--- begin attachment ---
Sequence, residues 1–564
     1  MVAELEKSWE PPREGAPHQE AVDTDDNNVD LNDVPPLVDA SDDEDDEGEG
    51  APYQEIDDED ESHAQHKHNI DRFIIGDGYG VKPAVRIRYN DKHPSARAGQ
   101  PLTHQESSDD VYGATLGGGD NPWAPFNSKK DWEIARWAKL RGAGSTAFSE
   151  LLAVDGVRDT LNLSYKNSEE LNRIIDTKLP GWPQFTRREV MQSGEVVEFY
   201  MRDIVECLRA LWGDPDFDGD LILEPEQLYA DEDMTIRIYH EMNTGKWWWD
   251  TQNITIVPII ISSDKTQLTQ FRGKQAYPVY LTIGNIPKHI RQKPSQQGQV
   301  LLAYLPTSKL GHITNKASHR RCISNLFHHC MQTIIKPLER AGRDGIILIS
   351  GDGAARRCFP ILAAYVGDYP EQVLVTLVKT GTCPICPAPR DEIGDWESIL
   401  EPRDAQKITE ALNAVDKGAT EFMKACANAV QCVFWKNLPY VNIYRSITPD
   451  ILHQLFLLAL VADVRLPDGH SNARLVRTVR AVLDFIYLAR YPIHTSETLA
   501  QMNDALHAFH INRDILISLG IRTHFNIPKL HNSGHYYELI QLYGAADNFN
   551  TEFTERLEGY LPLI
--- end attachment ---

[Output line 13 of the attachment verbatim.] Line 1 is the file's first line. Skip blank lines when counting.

   551  TEFTERLEGY LPLI